Dr. Lynn Silver, a researcher with the consumer group, said tremolite was one of six minerals identified commericially in the rock industry by the term ''asbestos.'' Some scientists believe tremolite particles can cause cancer like other forms of asbestos to which humans are exposed.
Dr. Silver said the commission had ''failed in its duty to protect children,'' and added, ''This is a kind of hazard in children that doesn't manifest itself for 20 years, and then it's too late.''
There are many sources of play sand, but no particular ones have been designated as hazardous because no one has surveyed them all.
Dr. Silver said the suspect particles were too fine for consumers to detect by sifting. She suggests that parents looking for play sand should opt for coarser varieties, which contain different minerals and are considered safer by some experts.
Asbestos is a long, fibrous mineral material once used to insulate buildings, ships and other structures, as well as for making fireproof materials. Inhaled asbestos can cause cancer of the lungs and other organs. No Tremolite Hazard Found
Rick Renninger, senior vice president of the National Stone Association, an industry group representing quarry operators, said the crystalline type of tremolite was different from the fibrous form considered as a type of asbestos. Mr. Renninger, a geologist, asserted that there was no evidence indicating that this crystalline form, which he said was not truly asbestos, was related to cancer or any other disease.
''If there was a hazard to tremolite we would have seen asbestos-related disease in the industry, and we haven't,'' Mr. Renninger said.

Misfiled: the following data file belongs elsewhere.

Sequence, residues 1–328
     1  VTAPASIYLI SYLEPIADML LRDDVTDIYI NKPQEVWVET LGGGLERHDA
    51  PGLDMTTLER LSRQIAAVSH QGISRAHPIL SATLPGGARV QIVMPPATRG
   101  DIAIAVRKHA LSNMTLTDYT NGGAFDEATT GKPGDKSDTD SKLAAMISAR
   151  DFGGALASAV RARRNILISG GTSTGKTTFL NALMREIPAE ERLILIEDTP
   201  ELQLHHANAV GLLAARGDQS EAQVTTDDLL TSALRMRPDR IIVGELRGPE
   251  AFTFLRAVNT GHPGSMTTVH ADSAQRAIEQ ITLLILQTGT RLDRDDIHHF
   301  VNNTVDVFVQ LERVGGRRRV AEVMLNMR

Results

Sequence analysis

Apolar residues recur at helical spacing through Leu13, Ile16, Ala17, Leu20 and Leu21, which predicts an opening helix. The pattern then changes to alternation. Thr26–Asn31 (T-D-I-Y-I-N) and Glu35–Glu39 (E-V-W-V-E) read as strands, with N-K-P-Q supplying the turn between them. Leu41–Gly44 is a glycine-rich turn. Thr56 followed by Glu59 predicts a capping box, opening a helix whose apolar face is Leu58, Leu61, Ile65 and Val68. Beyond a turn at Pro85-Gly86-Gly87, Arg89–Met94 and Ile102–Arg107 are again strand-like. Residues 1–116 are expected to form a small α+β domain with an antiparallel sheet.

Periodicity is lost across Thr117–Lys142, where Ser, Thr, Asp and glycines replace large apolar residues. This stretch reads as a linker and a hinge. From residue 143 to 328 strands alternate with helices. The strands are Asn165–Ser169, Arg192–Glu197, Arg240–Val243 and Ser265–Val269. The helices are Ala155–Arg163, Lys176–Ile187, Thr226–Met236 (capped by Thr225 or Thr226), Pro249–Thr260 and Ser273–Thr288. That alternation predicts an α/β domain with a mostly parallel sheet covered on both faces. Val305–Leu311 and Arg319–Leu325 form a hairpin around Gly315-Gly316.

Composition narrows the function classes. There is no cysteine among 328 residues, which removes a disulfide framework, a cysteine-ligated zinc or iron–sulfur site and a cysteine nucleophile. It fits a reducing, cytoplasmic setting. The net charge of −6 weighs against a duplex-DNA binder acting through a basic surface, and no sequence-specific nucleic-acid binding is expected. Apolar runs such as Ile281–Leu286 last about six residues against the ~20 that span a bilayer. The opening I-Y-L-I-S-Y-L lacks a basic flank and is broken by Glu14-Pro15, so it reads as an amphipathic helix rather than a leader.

The safety commission said it had samples of play sand tested, and only one was found to contain trace amounts of tremolite asbestos. The crystalline form of tremolite was detected in small amounts in other samples, the commission said, but no human or animal studies demonstrate that this type causes cancer.
Ms. Eberle, the commission official responsible for chemical hazards, conceded, however, that this might be because most tremolite cancer studies have been done with the asbestos form and not its crystalline cousin. 'Skull and Crossbones' Label
Dr. Philip J. Landrigan, professor of environmental medicine and pediatrics at Mount Sinai School of Medicine in New York City, said his laboratory independently tested play sand bought at local stores and found that ''a substantial fraction'' contained fibers that look and feel like fibers of asbestos.
''If children inhale these fibers they are at risk of getting lung cancer later,'' he said. ''Either this play sand should be banned or labeled with a skull and crossbones.''
The question about play sand arose in 1986 when Mark Germine, a geologist who was also a medical student at the New Jersey Medical School, wrote a letter to The New England Journal of Medicine saying he had found that some bags of commercial play sand containing tremolite asbestos. Health officials in New Jersey and Massachusetts later found traces of asbestos-like fibers in some play sands, which were voluntarily recalled by producers.
Dr. Germine, who now is working with the Health Research Group on the play sand issue, subsequently petitioned the safety commission to ban pulverized limestone products, including lawn and garden limestone and consumer gravel products.